“What?” asked Mrs. Katz. “I mean… I’ve seen it turn into a rat, but not a guinea pig.”

            The cat meowed and ran up to Mrs. Katz.

            “Sadie, what have you been up to?” Mrs. Katz picked her up. “I’m taking you to the vet to cure this problem.” She closed the door behind her and left.

            I stood by my mom and watched Mrs. Katz carry Sadie back to her house.

            “What kind of vet could cure a cat like that?” I asked my mother.

            She shook her head. “Perhaps, it’s best if we don’t know.”

           

short fiction

Animal Psychic: A Short Story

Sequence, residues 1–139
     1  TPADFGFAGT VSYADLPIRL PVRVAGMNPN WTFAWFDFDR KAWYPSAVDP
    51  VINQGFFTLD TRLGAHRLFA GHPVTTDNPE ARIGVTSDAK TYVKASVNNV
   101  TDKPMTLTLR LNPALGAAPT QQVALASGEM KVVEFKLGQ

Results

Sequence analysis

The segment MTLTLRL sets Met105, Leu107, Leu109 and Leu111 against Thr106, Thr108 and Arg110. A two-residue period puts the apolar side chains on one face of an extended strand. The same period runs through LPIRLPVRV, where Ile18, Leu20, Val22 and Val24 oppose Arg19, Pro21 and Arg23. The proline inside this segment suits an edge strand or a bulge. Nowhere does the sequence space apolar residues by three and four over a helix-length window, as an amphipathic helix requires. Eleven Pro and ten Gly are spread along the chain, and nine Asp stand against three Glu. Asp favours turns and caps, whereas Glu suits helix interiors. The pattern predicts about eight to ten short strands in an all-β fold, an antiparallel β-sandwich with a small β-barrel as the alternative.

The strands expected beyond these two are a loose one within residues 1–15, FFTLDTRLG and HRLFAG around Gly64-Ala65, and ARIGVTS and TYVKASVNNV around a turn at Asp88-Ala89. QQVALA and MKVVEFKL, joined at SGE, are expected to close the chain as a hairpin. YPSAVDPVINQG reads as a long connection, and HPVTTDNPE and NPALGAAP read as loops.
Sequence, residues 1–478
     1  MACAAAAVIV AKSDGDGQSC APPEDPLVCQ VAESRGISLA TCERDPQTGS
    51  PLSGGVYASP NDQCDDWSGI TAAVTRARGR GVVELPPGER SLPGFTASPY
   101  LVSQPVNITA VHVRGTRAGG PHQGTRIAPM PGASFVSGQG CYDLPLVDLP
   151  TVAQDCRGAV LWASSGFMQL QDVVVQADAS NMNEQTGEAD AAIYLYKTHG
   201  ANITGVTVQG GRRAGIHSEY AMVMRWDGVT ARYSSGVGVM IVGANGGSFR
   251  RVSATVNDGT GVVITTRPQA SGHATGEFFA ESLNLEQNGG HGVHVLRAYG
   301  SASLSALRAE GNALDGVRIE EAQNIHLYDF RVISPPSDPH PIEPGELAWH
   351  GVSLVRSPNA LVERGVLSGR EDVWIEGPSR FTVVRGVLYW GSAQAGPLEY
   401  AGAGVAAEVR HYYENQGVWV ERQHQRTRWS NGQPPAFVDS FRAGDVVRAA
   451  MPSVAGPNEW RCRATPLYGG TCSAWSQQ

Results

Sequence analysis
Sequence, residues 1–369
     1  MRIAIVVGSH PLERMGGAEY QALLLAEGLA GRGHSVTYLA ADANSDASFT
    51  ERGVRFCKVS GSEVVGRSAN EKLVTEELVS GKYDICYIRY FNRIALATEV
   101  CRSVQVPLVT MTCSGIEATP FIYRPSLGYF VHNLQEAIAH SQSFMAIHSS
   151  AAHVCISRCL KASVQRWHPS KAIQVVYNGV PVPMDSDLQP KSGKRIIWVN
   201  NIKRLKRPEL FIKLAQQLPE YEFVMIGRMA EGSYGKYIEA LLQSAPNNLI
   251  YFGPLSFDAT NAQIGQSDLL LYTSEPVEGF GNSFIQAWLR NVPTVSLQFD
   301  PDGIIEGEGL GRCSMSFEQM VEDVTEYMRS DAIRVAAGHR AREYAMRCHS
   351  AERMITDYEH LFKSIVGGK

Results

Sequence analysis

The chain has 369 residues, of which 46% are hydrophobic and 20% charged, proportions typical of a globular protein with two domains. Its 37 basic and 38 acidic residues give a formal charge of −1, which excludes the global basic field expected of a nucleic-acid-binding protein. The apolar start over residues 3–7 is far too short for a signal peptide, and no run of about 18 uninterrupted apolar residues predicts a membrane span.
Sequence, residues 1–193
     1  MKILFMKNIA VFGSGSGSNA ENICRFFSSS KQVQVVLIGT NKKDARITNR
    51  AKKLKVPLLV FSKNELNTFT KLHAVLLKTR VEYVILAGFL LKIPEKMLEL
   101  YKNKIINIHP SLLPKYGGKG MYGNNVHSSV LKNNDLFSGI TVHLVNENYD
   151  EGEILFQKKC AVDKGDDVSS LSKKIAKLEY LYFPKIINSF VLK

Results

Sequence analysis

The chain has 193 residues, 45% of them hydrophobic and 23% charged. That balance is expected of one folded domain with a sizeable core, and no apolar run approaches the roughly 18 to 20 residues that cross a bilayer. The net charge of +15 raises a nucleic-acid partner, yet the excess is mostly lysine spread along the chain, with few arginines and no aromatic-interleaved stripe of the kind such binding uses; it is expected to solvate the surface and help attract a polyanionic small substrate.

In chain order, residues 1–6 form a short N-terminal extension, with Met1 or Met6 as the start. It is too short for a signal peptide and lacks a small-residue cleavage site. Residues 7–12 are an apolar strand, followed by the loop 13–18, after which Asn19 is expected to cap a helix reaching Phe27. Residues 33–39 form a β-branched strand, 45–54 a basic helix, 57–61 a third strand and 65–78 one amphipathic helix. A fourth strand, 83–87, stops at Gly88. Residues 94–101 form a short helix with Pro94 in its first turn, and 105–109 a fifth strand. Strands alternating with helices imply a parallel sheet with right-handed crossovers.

Isabella woke up. Energy filled her mind as she hopped out of bed and got dressed. She brushed her long, dark brown waves and put on her glasses.

Today was her eleventh birthday. She hurried downstairs where her aunt, Molly, prepared breakfast.

“Happy birthday, Isabella,” said Aunt Molly.

“Thanks.” Isabella sat down. She looked outside and frowned. If only her parents and uncle could see her today.

Three years ago, Isabella’s mom had suffered from depression after the dad had died from a heart attack. Isabella’s mother had lost so much control that social services had sent Isabella to live with Aunt Molly. Uncle Tanner had divorced Aunt Molly a year after and had moved to Vancouver.

“Isabella, after breakfast, I have a surprise birthday present for you.” Aunt Molly tied her ash-blonde hair into a bun.

“Oh, yippee.” Isabella ate her pancakes. She cleaned up, and then Aunt Molly led her downstairs to the basement. Aunt Molly turned on the lights. “Ta da.”

An albino guinea pig ran around in its cage. Isabella opened her mouth.